“There is always something new out of Africa” (Pliny the Elder)
Innovations by African businesses and individuals also abound. Earlier this year, the World Health Organisation (WHO) in the African Region hosted the first in a series of virtual sessions for innovators across the region to showcase home-grown creative solutions aimed at addressing critical gaps in the response to COVID-19. Eight innovators from Ghana, South Africa, Nigeria, Guinea and Kenya presented their pioneering solutions, all of which have already been implemented in their respective countries, with significant potential to be scaled up further across the region. The innovations ranged from interactive public transport contact tracing apps and dynamic data analytics systems to rapid diagnostic testing kits, mobile testing booths and low-cost critical care beds.
Locally, a Vodacom and Discovery partnership has made free COVID-19 Online Doctor Consultations available to all South Africans. To meet the demand for alcohol-based sanitiser, South African Breweries (SAB) adapted its operations; Sasol developed a new unique blend of alcohol-based chemicals to be used in manufacturing of hand sanitisers; and L’Oréal South Africa began producing hand sanitisers under its natural beauty brand Garnier.
Further local innovations range from virtual wine tastings and game drives, and restaurants that deliver all the ingredients so customers can make their favourite cuisine at home, to local craft markets gone virtual and digital yoga, dance and art lessons.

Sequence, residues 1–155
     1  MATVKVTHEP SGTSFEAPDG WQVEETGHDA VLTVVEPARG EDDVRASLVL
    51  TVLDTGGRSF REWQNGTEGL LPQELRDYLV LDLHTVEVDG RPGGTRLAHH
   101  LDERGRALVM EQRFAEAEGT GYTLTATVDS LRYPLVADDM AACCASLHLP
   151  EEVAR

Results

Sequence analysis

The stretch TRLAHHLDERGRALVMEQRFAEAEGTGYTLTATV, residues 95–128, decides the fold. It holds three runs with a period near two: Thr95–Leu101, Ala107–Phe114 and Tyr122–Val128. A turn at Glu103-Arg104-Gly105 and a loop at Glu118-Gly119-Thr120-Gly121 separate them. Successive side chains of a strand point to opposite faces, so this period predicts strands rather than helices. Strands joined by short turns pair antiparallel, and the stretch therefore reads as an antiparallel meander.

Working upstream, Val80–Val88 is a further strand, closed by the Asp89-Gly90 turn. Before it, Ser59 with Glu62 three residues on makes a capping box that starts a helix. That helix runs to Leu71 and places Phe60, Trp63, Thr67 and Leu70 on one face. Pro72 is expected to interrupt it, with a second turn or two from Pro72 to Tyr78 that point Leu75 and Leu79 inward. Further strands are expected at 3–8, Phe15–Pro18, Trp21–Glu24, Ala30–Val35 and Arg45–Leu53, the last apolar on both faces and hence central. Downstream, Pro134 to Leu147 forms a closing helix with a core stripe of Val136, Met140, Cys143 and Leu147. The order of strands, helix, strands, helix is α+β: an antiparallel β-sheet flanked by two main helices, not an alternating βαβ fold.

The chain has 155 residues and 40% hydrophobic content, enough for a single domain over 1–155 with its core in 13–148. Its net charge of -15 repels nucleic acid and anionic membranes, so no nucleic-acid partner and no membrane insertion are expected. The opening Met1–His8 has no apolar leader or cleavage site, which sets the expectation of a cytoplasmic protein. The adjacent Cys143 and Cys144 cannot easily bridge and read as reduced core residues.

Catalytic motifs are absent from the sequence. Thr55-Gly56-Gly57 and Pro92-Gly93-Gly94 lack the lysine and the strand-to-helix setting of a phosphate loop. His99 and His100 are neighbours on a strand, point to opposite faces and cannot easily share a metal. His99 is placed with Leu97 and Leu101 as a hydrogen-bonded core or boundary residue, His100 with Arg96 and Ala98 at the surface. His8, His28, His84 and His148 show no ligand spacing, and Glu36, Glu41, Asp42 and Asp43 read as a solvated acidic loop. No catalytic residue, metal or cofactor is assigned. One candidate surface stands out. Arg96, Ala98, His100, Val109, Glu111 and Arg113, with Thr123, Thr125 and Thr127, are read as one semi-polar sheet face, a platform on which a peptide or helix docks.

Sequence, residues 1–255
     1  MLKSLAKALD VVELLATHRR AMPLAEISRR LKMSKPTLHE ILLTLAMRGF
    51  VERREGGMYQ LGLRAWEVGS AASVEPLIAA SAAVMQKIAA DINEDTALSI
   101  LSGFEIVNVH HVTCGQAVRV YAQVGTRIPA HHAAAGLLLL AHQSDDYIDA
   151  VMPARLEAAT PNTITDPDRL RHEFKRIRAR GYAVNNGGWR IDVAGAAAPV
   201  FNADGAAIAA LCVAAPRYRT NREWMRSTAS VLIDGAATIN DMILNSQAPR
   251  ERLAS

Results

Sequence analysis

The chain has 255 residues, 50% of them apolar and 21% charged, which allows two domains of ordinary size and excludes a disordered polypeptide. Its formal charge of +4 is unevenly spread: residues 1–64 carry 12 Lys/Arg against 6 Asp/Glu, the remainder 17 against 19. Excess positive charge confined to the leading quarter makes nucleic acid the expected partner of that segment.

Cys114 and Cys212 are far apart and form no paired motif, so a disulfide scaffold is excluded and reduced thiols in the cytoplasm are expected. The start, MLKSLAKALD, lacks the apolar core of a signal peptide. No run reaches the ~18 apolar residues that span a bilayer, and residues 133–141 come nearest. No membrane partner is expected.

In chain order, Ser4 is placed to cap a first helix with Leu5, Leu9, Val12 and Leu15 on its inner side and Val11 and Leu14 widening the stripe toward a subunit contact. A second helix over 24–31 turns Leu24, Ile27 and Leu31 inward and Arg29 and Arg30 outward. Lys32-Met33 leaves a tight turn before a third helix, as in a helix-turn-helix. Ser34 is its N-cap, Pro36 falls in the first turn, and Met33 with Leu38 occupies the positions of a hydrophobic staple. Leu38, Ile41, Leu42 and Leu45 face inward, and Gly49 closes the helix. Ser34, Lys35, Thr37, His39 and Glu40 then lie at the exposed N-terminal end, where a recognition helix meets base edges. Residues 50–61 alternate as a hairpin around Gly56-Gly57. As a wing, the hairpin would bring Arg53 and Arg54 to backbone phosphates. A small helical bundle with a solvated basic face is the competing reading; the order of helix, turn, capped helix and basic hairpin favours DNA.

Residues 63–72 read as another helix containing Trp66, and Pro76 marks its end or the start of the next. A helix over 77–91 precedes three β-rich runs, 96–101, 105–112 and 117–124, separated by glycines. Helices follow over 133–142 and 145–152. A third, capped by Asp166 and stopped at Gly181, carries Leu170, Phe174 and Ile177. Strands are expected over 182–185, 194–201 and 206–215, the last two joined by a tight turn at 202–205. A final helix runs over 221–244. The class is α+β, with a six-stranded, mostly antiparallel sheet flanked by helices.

How to innovate – a three-step system
It is inspiring to read how businesses are innovating ways to stay relevant in industries completely disrupted, if not shut down, by the pandemic and lockdown.
But how do you innovate in your business and industry? Furman provides a three-step system to innovation-
- Focus on your clients – meet their changed needs, make their lives better and listen to them.
- Challenge the way you do things – develop new products or services, and offer existing services in new ways
- Explore the world around you for new possibilities – including the many new enabling technologies that can digitally update old ways of doing things and even extend your client-base globally.
As countless companies have proven before, the chaos of a crisis such as COVID-19 can be a catapult for creation and innovation.
“Just like a catapult, the more you get pulled back, the further and faster you can go forward,” says Furman. “When chaos happens, spend time thinking how it can be used as an opportunity for growth and innovation. This is your time to move forward.”
“All great changes are preceded by chaos. The disruption we see in the world is the prelude to emergence.” (Deepak Chopra)
Disclaimer: The information provided herein should not be used or relied on as professional advice. No liability can be accepted for any errors or omissions nor for any loss or damage arising from reliance upon any information herein. Always contact your professional adviser for specific and detailed advice.